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Shocker: Immigrants Rights Rally Turned Violent

From the Associated Press:

May Day rally turns violent in Seattle

By GENE JOHNSON | May 2, 2013

SEATTLE (AP) — Police used "flash bangs" and pepper spray against some protesters who pelted them with rocks and bottles late Wednesday, as violence erupted during May Day in Seattle.

Several dozen protesters, many using bandanas to cover their faces, began clashing with police in downtown Seattle hours after a peaceful immigrant-rights march ended.

You see? It was "peaceful" until it became violent. — And what rights do immigrants have?

Protesters threw rocks and bottles at police officers and news crews. As they moved through downtown Seattle to another nearby neighborhood, they flung construction street barriers, trash cans and newspaper bins on the streets in an attempt to block advancing police officers. Windows of local businesses were broken and vehicles with people in them were banged around…

Police used their bikes to shield businesses and eventually began to use pepper spray and "flash bang’ grenades — releasing a flash of light, smoke and a loud noise — to disperse the crowd. But that pushed the group to the Capitol Hill neighborhood, and they left a wake of overturned trash cans and debris on the street, as well as smashed windows on local businesses.

In the aftermath, 18 people were arrested, the Seattle Police Capt. Chris Fowler said.

And immediately set free. After all, they are just kids out on a lark.

Fowler said that eight officer were injured, mostly scrapes and bruises. One officer was hit by a rock on her knee.

The violence stemmed from a march that billed itself as an "anti-capitalism" protest. Initially, the protesters concentrated on a business sector of downtown Seattle.

Despite lacking a permit to march, Seattle police escorted them as through [sic] downtown…

So instead of being prevented from marching, they were given an honor guard by the police.

"That first march came downtown. It was absolutely peaceful…it was almost a festive affair and they had some serious messages, too, that they wanted to express. No incidents whatsoever," McGinn said. "The second march was very different, and it wasn’t just merely because it was unpermitted. I think it also had to do with the nature of the individuals in it and what they wanted to do."

There were no immediate cost estimates of the damage left.

This is the second year in a row violence has broken out during May Day in Seattle. Last year, anarchists broke windows of store fronts, including Niketown, and vehicles and used smoke bombs. Protesters also targeted a federal building, breaking windows and doors…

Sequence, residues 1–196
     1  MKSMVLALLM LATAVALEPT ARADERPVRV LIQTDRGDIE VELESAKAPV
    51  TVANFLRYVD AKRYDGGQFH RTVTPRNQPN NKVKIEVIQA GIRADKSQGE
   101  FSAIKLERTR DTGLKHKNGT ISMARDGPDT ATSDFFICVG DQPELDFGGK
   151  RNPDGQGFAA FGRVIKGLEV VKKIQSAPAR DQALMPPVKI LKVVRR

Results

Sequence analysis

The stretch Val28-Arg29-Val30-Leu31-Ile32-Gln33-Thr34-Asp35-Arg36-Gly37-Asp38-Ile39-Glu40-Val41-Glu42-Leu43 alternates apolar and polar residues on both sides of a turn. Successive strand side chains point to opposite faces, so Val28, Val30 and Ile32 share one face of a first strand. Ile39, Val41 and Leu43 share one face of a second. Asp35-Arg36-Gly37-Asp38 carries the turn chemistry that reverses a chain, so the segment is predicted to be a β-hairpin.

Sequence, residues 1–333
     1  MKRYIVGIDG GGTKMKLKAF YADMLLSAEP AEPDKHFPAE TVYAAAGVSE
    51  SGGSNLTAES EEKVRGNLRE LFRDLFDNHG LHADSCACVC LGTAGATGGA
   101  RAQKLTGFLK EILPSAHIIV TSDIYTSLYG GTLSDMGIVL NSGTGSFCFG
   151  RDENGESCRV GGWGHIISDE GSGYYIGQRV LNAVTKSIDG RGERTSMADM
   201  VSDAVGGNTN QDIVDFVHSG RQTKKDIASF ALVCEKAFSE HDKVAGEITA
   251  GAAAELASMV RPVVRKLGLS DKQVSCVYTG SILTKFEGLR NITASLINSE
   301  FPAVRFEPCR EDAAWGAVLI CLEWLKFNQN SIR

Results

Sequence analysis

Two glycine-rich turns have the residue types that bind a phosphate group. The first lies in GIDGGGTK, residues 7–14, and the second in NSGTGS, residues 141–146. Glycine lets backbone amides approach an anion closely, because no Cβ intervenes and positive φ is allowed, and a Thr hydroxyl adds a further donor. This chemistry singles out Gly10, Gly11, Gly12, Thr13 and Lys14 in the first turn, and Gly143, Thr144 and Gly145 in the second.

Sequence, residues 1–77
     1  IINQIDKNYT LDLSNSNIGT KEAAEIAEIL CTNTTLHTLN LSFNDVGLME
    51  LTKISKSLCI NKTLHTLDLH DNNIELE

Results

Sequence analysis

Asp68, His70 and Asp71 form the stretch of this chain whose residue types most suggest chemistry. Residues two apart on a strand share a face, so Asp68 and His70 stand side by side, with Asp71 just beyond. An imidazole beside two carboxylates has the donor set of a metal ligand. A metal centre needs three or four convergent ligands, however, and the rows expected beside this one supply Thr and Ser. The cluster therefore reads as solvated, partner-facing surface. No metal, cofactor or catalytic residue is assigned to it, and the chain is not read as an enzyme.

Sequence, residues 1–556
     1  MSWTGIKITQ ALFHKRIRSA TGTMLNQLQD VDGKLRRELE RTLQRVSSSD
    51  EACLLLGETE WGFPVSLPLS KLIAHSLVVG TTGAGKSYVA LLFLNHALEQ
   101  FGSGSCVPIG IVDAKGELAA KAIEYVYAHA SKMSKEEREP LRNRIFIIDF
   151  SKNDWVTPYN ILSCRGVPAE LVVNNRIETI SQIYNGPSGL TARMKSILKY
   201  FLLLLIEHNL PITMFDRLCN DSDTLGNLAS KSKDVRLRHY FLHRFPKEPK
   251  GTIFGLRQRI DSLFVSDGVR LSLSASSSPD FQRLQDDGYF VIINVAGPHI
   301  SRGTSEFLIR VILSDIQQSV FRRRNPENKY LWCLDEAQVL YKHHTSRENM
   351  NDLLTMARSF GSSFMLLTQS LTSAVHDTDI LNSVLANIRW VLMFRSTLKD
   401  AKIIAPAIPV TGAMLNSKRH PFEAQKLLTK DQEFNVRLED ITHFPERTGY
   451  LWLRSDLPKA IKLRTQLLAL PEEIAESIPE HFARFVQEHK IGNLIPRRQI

The violence marred a May Day that immigrant-rights activists hoped would put a focus back on immigration reform

Why aren’t these professional protestors considered to be domestic terrorists? It’s always the same crowd, no matter what the current cause is.

How are they any different from regular terrorists? They break things and cause trouble to try to get attention for their cause of the moment. (Anti-capitalism, ‘immigrant rights.’)

Anyway, once again, this has gotten barely any coverage from the news media. But just imagine if it had been a Tea Party rally.

This article was posted by Steve on Thursday, May 2nd, 2013. Comments are currently closed.

2 Responses to “Shocker: Immigrants Rights Rally Turned Violent”

  1. GetBackJack says:

    Immigrants? They Aren’t Immigrants!

    They’re law breakers in our sovereign nation illegally

    • captstubby says:

      coverage from the news media could put a bad light on the upcoming celebration held on May 5.

      Cinco de Mayo (Spanish for “fifth of May”)
      It originated with Mexican-American communities in the American West as a way to commemorate the cause of freedom and democracy during the first years of the American Civil War,
      to commemorate the Mexican army’s unlikely victory over French forces at the Battle of Puebla on May 5, 1862,
      legend has it “that had the French defeated México at Puebla, France would have aided the South in the American Civil War in order to free Southern ports of the Union Blockade.
      The Mexican victory, however, was short-lived. Thirty thousand troops and a full year later, the French were able to defeat the Mexican army, capture Mexico City, and instate Emperor Maximilian I as ruler of Mexico. However, the French victory was also short-lived, lasting only 3 years, from 1864 to 1867. By 1865, “with the American Civil War now over, the U.S. began to provide more political and military assistance to Mexico to expel the French”.[2] Upon the conclusion of the U.S. Civil War, Napoleon III, facing a persistently tenacious Mexican guerilla resistance, its ongoing war with Prussia, and “the prospect of a serious scrap with the United States”, retreated from Mexico starting in 1866

      “The holiday, which has been celebrated in California continuously since 1863, is virtually ignored in Mexico.” TIME magazine reports that “Cinco de Mayo started to come into vogue in 1940s America during the rise of the Chicano movement.”The holiday crossed over from California into the United States in the 1950s and 1960s but didn’t gain popularity until the 1980s when marketers, especially beer companies, capitalized on the celebratory nature of the day and began to promote it.

      On June 7, 2005, the U.S. Congress issued a Concurrent Resolution calling on the President of the United States to issue a proclamation calling upon the people of the United States to observe Cinco de Mayo with appropriate ceremonies and activities.

      From Wikipedia

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